African Americans fight
savage in-justice system

Editorial of the Fall-Winter 2007-8 issue of Struggle magazine
(CV #41, February 2008)

. The protests in Jena, Louisiana, show that a growing number of African Americans are willing to take action against the savage inequalities of the so-called justice system in the alleged land of the free. One of the most blatant examples of this inequality is the great preponderance of Black inmates in the prison system. The percentage of Blacks in prison in the U.S. today greatly exceeds the percentage of Blacks incarcerated in South Africa during the height of the racist apartheid system. This is shameful, a disgrace beyond words! And it harms the entire working class, of all ethnic backgrounds, as it provides the ruling capitalist class with an extra source of superprofits from unpaid labor and a scapegoat for the anger of the other oppressed, whose real need is to make common cause with the African American workers against the rich.

. The African American masses (and large numbers of Latinos, Asians, Native Americans and white supporters) have fought courageously against racism in many manifestations, especially during the 1960s. This struggle is obviously not over. Today you have big-city Black mayors but they are dancing with the white capitalists while the Black (and other) workers can barely make it from check to check. Today you have Black police but they imitate their white colleagues in profiling and murdering Black and (again, other) poor people. Today all people supposedly have the right to vote, but many are actually disenfranchised, the elections are tampered with, and the candidates are selected by the wealthy owners of the big corporations, who demand that the winners viciously plunder the workers.

. The struggle against the immediate effects of racism and exploitation must continue and be intensified. But the events of the past 50 years reinforce the Marxist conclusion that racism and the exploitation of the working class can only be eliminated by a revolution of the workers and the poor, of all backgrounds, a revolution which brings the working class to power and places as its foremost task the elimination of racist institutions and the destruction of racial prejudices. Only a socialist revolution is capable of this, because only it can bring out the creative initiative of the masses of the working people, who will learn through struggle that they cannot become free from the clutches of the rich unless they destroy racism altogether; it must be consciously organized and fought for. Any deviation from the anti-racist road will simply give the capitalists, who will not disappear overnight, a wedge to drive into the workers' ranks to defeat and enslave the poor once more.

. The present issue of Struggle features a number of writings by African American prisoners. From its beginning in 1985 Struggle has supported and circulated among prisoners who oppose racism and the capitalist system and has published their writings. Several years ago we published a special "Prison Poets" issue. Today we present militant writings which illuminate the racist "justice" system from deep within the belly of the beast. We also wish to congratulate one of our past and present contributors (see page 23 [of Struggle, which has one of his poems­CV]), Kenneth Foster, an inmate in Texas who has recently seen his death sentence overturned as a result of protests (he drove a car occupied by someone who later committed a murder, without Kenneth's foreknowledge). He is one of the eloquent Black Voices from Inside.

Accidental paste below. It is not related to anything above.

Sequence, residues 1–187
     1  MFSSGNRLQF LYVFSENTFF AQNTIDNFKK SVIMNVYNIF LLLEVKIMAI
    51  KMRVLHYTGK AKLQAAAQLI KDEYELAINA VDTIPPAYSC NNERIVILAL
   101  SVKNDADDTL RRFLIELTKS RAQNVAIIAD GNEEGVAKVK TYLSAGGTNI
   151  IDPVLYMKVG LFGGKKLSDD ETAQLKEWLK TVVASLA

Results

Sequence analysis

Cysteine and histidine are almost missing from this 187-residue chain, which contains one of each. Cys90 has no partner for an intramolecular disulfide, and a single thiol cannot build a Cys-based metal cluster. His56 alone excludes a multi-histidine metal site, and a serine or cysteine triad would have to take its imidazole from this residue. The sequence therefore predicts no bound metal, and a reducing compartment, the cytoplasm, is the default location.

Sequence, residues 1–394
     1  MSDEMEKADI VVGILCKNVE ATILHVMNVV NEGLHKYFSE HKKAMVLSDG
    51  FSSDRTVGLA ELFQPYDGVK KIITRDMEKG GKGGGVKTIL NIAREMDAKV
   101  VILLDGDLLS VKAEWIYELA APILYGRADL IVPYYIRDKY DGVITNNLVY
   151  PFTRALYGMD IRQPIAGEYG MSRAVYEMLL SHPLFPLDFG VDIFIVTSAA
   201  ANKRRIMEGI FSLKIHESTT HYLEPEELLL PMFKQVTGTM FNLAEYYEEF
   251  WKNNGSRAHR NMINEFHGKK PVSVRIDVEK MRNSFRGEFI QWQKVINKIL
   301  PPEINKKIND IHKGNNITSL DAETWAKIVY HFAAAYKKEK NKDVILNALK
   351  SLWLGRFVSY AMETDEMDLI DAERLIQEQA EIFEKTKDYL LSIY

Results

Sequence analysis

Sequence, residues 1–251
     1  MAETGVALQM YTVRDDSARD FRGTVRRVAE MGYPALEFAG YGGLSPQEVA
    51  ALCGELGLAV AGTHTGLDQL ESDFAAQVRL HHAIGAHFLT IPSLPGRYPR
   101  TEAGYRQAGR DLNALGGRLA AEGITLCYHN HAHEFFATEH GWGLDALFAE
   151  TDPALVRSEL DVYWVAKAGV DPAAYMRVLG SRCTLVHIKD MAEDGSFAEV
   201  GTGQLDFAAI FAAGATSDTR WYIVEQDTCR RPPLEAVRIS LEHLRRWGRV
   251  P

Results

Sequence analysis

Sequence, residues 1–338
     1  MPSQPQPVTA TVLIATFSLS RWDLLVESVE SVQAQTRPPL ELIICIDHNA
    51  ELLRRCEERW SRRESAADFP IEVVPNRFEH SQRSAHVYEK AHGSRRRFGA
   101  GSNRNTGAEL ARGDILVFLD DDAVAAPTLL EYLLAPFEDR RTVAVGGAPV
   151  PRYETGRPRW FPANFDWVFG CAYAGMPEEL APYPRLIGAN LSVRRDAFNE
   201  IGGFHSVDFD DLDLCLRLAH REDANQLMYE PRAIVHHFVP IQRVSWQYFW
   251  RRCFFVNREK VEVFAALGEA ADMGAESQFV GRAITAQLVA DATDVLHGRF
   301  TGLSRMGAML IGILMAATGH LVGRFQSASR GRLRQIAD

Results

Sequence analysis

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. We must also comment that, with the recent UAW contracts with General Motors, Chrysler and Ford, the working class has suffered a new great betrayal at the hands of the sold-out union leaders. Not only has GM been allowed to escape its contractural obligation (where is the "sanctity of the contract" now, conservative free-marketers?) To pay for the health care of retirees, but a new, second tier of workers has been created making half the wage and benefit package of the present UAW worker. These disgusting concessions are sure to spread throughout the economy, dragging down with them the working conditions and living standards of workers in every kind of workplace and (need it be said?) of every ethnic background. The workers must answer with collective mass struggle. The growth of opposition at Chrysler is a good sign. Priority must be placed on the exposure of the sold-out union bureaucrats.

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. Struggle is not a magazine of poems about the birds and the bees and contemplation of our navels; we are an implacable fighter against injustice. We call upon workers and oppressed people of all backgrounds to fight against racism and capitalist exploitation and for a socialist future. We call upon progressive writers and artists to throw their creative wit and imagination on the side of the vast majority, the working class.

By Tim Hall

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Last changed on February 28, 2008.